- Scott Burnside, NHL
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Every time we go to hammer the Minnesota Wild for being intransigent and operating in a frostbitten vacuum, they go on a tear.
Just as we prepare to blast the Wild for being cheap and denying their fans a competitive, playoff team, they light it up with their low-end but suddenly high-powered offense.
Gee, Jacques, give us a break will you?
The Wild's payroll is about $25.5 million, at the league bottom with the Capitals and Panthers. And earlier in the year, when we hammered the team for refusing to dip into the free-agent market in the offseason, GM Doug Risebrough patiently explained that it wasn't how they were going to do things. The powers that be have a plan, and they're sticking to it. That means developing from within and letting the chips fall where they may.
For much of the season, it appeared that strategy meant denying the loyal fans of the Twin Cities a playoff team because the one they had couldn't score and was inconsistent.
But with the trade deadline approaching and some key decisions to make in the coming weeks, the Wild are suddenly looking more and more like the dark horse in the Western Conference playoff race.
With the Kings in a free fall and the rest of the conference as tight as a tin of frozen of sardines, the Wild are suddenly getting a second wind.
That doesn't mean Risebrough is off the hook. In fact, the temptations will be even greater now that his team has reached the Olympic break in 10th place in the West, five points back of the eighth and final playoff berth. The Wild hit the break on a 4-1-1 surge and scored at least five times in three of those games. Go figure.
The dilemma facing Risebrough now is what to do with Dwayne Roloson now that Manny Fernandez has been handed the starter's role. The two solid netminders spent the last several seasons splitting time almost evenly.
Both are scheduled to become unrestricted free agents. Both would command a decent-to-hefty price on the market. The problem is that most of the goalie markets are in the Western Conference.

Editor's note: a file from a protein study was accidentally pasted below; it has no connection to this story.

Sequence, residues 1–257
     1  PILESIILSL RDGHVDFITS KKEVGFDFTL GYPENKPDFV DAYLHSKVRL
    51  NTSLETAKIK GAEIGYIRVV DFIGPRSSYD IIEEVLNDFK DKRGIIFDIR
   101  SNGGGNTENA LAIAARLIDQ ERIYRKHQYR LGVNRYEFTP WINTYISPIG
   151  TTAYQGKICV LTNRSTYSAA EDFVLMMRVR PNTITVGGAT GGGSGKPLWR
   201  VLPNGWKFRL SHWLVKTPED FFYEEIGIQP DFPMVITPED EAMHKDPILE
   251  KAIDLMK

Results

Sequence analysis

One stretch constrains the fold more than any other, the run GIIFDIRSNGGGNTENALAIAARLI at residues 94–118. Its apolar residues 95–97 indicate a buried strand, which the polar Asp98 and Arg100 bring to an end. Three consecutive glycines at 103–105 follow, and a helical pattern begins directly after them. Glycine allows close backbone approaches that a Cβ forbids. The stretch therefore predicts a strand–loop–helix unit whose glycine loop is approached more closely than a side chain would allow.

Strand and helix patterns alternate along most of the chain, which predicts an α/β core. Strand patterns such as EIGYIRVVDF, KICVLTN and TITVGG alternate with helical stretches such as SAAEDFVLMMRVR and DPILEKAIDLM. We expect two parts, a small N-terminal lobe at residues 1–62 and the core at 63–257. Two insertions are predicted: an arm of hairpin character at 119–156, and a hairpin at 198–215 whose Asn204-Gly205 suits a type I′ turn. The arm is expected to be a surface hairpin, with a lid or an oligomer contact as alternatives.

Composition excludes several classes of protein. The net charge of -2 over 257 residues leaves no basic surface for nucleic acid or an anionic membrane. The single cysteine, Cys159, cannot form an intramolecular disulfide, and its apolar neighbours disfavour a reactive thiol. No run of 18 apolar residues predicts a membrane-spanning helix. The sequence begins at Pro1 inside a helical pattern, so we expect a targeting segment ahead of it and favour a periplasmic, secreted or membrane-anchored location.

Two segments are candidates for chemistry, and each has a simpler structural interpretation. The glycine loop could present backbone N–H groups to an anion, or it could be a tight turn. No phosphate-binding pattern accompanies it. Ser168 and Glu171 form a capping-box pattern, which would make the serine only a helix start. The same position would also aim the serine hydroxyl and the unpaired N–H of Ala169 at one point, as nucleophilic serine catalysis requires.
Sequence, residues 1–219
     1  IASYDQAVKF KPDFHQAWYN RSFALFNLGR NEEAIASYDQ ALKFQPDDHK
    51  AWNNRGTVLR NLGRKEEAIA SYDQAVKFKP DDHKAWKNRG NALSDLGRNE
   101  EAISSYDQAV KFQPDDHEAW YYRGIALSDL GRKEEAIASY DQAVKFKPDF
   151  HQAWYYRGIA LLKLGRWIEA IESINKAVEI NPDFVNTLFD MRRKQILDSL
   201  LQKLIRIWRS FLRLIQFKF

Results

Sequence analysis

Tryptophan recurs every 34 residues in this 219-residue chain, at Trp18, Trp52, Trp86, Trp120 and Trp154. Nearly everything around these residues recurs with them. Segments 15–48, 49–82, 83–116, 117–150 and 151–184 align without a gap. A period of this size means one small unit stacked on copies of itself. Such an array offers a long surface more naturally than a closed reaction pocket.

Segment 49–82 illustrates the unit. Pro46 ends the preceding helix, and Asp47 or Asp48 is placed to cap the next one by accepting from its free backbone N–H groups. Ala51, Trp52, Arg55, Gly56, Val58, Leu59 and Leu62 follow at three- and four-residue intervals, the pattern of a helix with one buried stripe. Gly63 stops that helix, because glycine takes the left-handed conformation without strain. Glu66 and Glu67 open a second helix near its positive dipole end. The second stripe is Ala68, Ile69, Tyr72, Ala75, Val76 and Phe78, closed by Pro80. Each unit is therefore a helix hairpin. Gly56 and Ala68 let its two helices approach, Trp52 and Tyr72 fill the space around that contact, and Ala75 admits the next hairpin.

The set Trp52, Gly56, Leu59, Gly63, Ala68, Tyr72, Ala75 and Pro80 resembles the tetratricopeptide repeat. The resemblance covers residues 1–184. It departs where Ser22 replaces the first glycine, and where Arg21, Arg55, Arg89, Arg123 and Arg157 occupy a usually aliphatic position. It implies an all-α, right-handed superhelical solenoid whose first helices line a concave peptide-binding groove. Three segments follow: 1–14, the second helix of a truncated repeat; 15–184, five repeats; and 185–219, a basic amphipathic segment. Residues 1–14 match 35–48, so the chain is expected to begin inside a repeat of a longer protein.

What about the Oilers, who are still in the hunt for a 'tender?
Of course, the danger of trading Roloson in-conference is that he could then play a significant role in keeping the Wild out of the playoffs for the fourth time in five playoff seasons.
Then, there's the issue of maintaining the team's depth. When the Wild went to the Western Conference finals in 2003, Fernandez played in nine postseason games and Roloson 11.
Things were so much simpler when they were just mediocre.
Where will Nolan land?
NHL GMs looking to get in on the Owen Nolan sweepstakes had better not waste any time. It's expected Nolan, who is the prototypical power forward but is recovering from a contentious knee injury, is expected to sign as a free agent before the end of the Olympic break.
There are three teams in serious contention for the 34-year-old's services. The most serious contender is believed to be San Jose, which is where Nolan has been rehabbing. The other bidders include another Western Conference team and one team in the East, perhaps the Ottawa Senators, who were interested in Doug Weight only to see Carolina snap him up several weeks ago.
Although San Jose seems like a perfect fit, given Nolan's turn there as team captain and the fact he continues to maintain a residence and business there, the Sharks have a long road to climb to make the playoffs. They entered the Olympic break having won three in a row, but had lost six of seven before that hot streak. They are 11th in the conference, six points out of a playoff berth, although they have two games in hand on eighth-place Edmonton and four games in hand on ninth-place L.A.
Nolan has a lot to prove, and he'd like to prove it right now. The Maple Leafs acquired him for Alyn McCauley, top prospect Brad Boyes and a first-round pick back in March 2003. But injuries limited Nolan to 65 games in 2003-04 and he missed the entire playoffs. He failed to score in seven games in the 2003 playoffs.
During the lockout, Nolan had surgery to correct what he said was a lingering injury suffered during the 2003-04 season. The Leafs insisted Nolan's injury was off-ice related and declined to pay him. Nolan is claiming the team owes him for the lockout season and for the current season, when he had an option to return to Toronto.
The grievances have no bearing on whether Nolan signs. If he does sign and the grievance is upheld, the Leafs would pay a prorated portion of this, the option year. The bigger question is whether a rough-and-tumble player who, when healthy, could turn the tide in a physical playoff series, can still take the tough going.